The Bankruptcy Court reasonably relied on concerns about judicial economy and the avoidance of duplicitous litigation. It reasonably concluded that "[t]he basic allegations of wrongdoing against USA Waste are largely the same in both proceedings" and that granting appellants relief from the stay would invite "essentially duplicitous litigation" with the accompanying risk of inconsistent rulings.

Appellants have not shown how they are burdened by the stay to any greater degree than any other unsecured creditor. As appellants' proposed complaint was never filed, the stay did not halt the progress of other proceedings. See In re Borbidge, 81 B.R. 332, 335-36 (Bankr.E.D.Pa. 1988) (fact that initiation of stay did not disrupt ongoing state proceeding relevant to § 362(d) analysis). Appellants have not demonstrated why they should be permitted to circumvent the normal preference for payment of creditors provided by the bankruptcy code.

On the record presented, the Bankruptcy Court properly concluded that appellants' alternate joint venture and agency theories are subject to the automatic stay.

Appellants' contention that their tortious interference with contract claim should not be considered estate property is more compelling. With this claim, appellants seek to impose direct liability on USA Waste on a basis unique to them rather than seeking to hold USA waste vicariously liable for debtors' debts generally. Appellants' reliance on the Eighth Circuit opinion in Stone's Pharmacy v. Pharmacy Accounting Mgmt., Inc., 875 F.2d 665 (8th Cir.1989) is reasonably placed. In Stone's Pharmacy, the Court held that the automatic stay did not apply to a creditor's tortious interference claim against a debtor who had purchased most of the debtor's assets and then allegedly caused the debtor to breach its contract with the creditor. Id. at 668.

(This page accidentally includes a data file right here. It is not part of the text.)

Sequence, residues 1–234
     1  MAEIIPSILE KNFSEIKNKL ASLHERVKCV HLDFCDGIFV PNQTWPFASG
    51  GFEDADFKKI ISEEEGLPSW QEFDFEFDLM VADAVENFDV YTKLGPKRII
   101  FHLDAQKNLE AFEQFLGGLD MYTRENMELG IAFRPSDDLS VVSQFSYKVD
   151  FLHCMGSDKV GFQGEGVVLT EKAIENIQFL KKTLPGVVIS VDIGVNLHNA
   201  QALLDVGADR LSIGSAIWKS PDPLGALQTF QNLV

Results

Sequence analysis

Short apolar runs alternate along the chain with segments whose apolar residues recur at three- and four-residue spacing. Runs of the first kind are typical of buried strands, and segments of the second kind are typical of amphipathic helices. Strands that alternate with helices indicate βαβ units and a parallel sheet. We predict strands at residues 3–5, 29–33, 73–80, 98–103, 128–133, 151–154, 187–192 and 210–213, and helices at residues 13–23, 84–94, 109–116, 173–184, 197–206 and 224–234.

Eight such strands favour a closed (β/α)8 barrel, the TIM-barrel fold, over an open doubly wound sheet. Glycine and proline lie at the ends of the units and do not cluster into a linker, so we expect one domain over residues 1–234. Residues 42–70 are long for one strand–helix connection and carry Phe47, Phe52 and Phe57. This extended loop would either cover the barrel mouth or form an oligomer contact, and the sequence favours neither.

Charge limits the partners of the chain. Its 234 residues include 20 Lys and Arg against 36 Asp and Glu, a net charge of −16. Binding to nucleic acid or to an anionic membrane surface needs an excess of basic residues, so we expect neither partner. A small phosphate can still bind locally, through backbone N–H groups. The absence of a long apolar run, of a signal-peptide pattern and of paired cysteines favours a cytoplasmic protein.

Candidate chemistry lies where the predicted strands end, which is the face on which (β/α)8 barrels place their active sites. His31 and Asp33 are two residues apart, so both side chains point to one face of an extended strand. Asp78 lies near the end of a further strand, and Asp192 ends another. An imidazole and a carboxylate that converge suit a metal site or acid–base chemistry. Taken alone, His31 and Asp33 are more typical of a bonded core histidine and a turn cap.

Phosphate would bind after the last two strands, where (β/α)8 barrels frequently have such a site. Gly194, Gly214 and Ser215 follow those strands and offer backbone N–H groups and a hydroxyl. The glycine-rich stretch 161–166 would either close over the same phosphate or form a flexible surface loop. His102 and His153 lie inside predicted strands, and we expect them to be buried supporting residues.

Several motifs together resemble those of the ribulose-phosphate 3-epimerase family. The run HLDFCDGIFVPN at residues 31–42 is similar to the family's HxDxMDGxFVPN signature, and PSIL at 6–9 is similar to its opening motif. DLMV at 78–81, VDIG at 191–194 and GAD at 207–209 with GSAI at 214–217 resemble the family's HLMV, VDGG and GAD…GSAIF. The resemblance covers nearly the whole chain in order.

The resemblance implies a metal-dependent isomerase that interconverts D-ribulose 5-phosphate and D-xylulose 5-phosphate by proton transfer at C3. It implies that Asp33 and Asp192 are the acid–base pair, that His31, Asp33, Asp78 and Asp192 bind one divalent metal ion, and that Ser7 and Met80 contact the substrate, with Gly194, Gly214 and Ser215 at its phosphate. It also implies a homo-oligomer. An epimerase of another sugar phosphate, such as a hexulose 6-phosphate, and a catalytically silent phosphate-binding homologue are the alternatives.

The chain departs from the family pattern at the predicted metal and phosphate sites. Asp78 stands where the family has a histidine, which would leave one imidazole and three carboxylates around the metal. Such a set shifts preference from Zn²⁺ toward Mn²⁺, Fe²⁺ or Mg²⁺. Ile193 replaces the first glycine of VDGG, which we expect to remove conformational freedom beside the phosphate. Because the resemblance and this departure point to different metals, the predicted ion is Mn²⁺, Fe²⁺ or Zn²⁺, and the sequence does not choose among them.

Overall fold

The elements of a tortious interference with contract claim under New York law are the existence of a valid contract; defendant's knowledge of the contract and intentional interference with it; and, a resulting breach and damages. See Hoag v. Chancellor, Inc., 246 A.D.2d 224, 228, 677 N.Y.S.2d 531 (N.Y.App.Div.1998). By its nature, such a claim involves conduct and injuries specific to a particular plaintiff. Other creditors, who were not parties to the subject contract, would lack standing to assert the claim. A successful prosecution of this claim would not diminish the potential assets available to satisfy other creditors.

The court concludes that this claim is not subject to the automatic stay. It is not altogether clear, however, that the Bankruptcy *681 Court held to the contrary. The Bankruptcy Court discussed appellants' other putative claims but made no explicit finding with regard to the tortious interference claim. It did conclude that all of the putative claims were "predicated on the same nucleus or set of operative facts" as those in the adversary proceeding. This is correct.

The tortious interference claim is predicated on the same alleged acts of corporate domination and abuse which form the basis of the tortious interference and fraudulent inducement claims in the adversary proceeding. A decision in a state court resolving these common issues could interfere with an orderly resolution of the bankruptcy proceedings.[4] In such circumstances, a bankruptcy judge has broad equitable powers which exceed the limits of the automatic stay and permit him to enjoin the commencement or prosecution of collateral proceedings. See 11 U.S.C. § 105(a); In re Baldwin-United Corp. Litig., 765 F.2d 343, 348 (2d Cir. 1985); In re Keene, 164 B.R. at 849.